The first adjustment he may consider is to increase Georgetown’s focus on bringing players from the DMV back to their home area. In the modern era, more teams have focused on recruiting nationally, meaning that the Hoyas have a tremendous amount of competition for local high school recruits. However, for players whose first situation doesn’t work out, returning closer to home may present renewed appeal.

In addition, though Providence fans will not like to hear it, Cooley may be able to leverage Georgetown’s resources and history to aim higher in the portal and target some of the bigger names in the portal.

This is where I will finally mention the name at the top of many Hoyas’ fans minds right now: Hunter Dickinson. Dickinson doesn’t fit into any of my three categories of Cooley transfers, but he does fall into both of my potential new buckets: DMV Recruits Returning Home, and Top Tier Transfers.

These are the two new categories that I think Cooley may look to target as he aims to kick things off on the Hilltop. Dickinson in particular would represent a huge coup for Cooley in several ways – beyond the obvious benefits of bringing in a superstar, he could also attract more talent to play with him, bring more eyes to the program, and help stabilize a roster that is very much in flux.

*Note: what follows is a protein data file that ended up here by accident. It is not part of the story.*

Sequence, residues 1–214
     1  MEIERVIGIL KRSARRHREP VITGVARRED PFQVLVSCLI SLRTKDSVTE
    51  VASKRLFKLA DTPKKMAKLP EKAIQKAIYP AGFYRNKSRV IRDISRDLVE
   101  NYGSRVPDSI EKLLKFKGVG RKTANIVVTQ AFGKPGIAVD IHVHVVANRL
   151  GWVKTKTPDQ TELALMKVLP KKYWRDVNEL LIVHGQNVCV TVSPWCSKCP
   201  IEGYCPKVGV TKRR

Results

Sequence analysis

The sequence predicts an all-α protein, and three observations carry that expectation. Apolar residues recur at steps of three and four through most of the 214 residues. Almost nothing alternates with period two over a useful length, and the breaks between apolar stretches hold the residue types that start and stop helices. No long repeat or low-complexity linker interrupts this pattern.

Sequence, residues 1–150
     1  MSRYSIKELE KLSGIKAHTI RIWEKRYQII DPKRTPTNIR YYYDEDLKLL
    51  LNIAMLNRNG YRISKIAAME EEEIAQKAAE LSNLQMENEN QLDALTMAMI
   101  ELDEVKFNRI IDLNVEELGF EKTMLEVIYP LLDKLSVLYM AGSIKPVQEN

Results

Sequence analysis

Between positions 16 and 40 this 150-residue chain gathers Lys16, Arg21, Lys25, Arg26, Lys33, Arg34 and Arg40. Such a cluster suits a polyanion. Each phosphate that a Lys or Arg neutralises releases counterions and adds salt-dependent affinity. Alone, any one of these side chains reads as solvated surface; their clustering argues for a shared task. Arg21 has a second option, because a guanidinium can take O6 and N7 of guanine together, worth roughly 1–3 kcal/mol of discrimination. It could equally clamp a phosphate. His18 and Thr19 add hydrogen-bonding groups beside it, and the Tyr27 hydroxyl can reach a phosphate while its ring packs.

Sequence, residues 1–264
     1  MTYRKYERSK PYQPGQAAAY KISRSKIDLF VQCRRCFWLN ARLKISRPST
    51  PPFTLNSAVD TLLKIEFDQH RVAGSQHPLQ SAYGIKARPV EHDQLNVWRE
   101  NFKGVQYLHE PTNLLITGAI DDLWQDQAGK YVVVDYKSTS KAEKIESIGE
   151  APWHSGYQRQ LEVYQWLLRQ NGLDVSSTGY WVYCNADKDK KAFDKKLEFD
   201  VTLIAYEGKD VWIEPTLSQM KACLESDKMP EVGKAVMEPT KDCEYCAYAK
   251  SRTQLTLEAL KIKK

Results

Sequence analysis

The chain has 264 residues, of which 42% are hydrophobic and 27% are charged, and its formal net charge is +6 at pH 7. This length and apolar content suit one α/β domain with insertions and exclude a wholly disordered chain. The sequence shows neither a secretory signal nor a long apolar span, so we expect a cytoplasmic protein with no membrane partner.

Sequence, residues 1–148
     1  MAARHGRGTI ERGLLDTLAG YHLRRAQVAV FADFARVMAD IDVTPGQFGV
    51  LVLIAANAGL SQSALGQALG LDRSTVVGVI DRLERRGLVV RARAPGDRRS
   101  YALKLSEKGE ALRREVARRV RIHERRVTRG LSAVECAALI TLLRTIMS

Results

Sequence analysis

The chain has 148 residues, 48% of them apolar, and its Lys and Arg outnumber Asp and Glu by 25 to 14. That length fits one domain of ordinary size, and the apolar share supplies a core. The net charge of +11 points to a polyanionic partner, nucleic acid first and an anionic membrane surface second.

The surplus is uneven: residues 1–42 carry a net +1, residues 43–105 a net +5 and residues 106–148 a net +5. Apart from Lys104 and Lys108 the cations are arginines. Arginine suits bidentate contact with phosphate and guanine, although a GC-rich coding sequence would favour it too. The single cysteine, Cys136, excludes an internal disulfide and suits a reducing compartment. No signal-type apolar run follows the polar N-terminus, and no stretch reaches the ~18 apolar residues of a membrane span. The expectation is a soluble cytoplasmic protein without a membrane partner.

Beyond Dickinson, though, keep an eye on Cooley’s local efforts and whether he takes aim at any more top-tier transfers. Locally, it’ll be important to watch whether Cooley aims to bolster connections with any particular local AAU or high school programs. Ivan Thomas, one of Cooley’s assistants, previously worked with Boo Williams, one of the top DMV-based AAU programs. Not coincidentally, Jayden Epps is a Boo Williams alumnus.

Boo Williams is the obvious connection on Cooley’s staff, but it’ll be interesting to watch if the new Hoyas’ staff aims to build relationships with any other local programs. As Cooley’s full staff isn’t finalized yet, this is a dynamic to watch as he fills out the last few spots – will any potential new hires bring connections to other local programs?

Ed Cooley’s rebuild of the Georgetown program won’t happen overnight. But his first 60 days will tell us a great deal about his approach to roster building, and could provide a window into his vision for success on the Hilltop.